Got other questions on SVT or Afib? See the Qaly guides on SVT and Afib:
- What SVT Looks Like on Your ECG
- What Afib Looks Like on Your ECG
- How to Read an ECG: Stanford Cardiologist Explains
- The Ultimate Cardiologist's Guide to the Smartwatch ECG
Life's rhythms are beautiful, and perhaps, none more so than the one our heart dances to. The ECG, or electrocardiogram, captures this rhythm, detailing each beat's tale. In the play of heart rhythms, two characters often steal the limelight – Afib and SVT. In this guide, we’ll simplify these terms and understand the appearance of Afib vs SVT on your watch ECG. Let’s dive in.
What’s Atrial Fibrillation?
Atrial Fibrillation or Afib, in simpler terms, is akin to a jazz ensemble gone rogue. The heart's upper chambers or atria beat chaotically, disrupting the symphony of a regular heartbeat. It's not just the rhythm that's affected. Afib can take a toll on the efficient flow of blood, paving the way for debilitating conditions like stroke or heart failure.
On your Apple Watch or Fitbit or Samsung ECG, Afib looks like a seismograph capturing an intense earthquake – erratic and unpredictable. Distinct P waves, which usually depict atrial contractions, are not visible. Instead, you’ll see irregular oscillations known as fibrillatory waves. Here’s more on what Afib looks like on your watch ECG.
What’s Supraventricular Tachycardia (SVT)?
In the SVT vs Afib debate, the Supraventricular Tachycardia (SVT) segment serves a different rhythmic story. Imagine a drummer playing a very fast, regular beat – that's SVT. Originating from above the ventricles, the rapid heart rate can escalate up to an overwhelming 150-250 beats per minute, which can sometimes be confused with sinus tachycardia.
On an ECG, SVT appears as a rapid, regular rhythm, with typically narrow QRS complexes. The drum roll is so quick that the P waves are often difficult to see. Sometimes P waves may be buried in the preceding T waves.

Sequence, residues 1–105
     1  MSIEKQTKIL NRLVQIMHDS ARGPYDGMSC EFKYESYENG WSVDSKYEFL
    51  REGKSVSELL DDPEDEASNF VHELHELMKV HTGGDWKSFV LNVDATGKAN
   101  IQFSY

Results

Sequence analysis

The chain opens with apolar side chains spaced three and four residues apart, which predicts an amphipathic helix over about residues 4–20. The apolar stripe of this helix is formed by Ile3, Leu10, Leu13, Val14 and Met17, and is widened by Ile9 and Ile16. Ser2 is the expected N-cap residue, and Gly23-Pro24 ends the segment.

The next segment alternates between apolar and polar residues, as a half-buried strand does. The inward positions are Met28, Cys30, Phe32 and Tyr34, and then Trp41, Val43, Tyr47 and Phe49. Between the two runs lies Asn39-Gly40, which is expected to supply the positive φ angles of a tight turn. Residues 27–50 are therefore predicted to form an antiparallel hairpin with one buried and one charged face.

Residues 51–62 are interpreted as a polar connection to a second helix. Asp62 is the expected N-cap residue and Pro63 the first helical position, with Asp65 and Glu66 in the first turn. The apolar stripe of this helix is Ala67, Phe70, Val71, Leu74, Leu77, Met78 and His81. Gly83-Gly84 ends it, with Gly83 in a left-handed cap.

“Non-sustained” SVT lasts less than 30 seconds, whereas “sustained” SVT lasts longer, sometimes even up to several hours. Here’s more on what SVT looks like on your watch ECG.
What’s the Difference Between Afib and SVT?
When tackling the Afib vs SVT question as you read your own ECG, keep an eye out for the distinguishing characteristics of each. Afib is an “irregularly irregular” rhythm, which means that there isn’t always a clear pattern to the irregularity in the rhythm. On the other hand, SVT is typically “regularly irregular.” While both are fast-paced, the inconsistencies of Afib often appear irregular and chaotic, whereas in SVT, the rhythm is regular.
Both rhythms bear different health implications. Afib, if unmanaged, can heighten the risk of stroke and heart failure, while non-sustained SVT, although not usually life-threatening, may lead to palpitations, rapid heartbeat, and bouts of chest discomfort.
Still Not Sure if It’s Supraventricular Tachycardia (Non-Sustained) or Atrial Fibrillation on Your ECG?
Differentiating between SVT vs Afib on your watch ECG can be tricky. If you’re still looking for help interpreting your ECG further, check out the Qaly app on App Store or Play Store. On Qaly, human experts will interpret your ECGs within minutes, day or night. Try out the Qaly app for free today!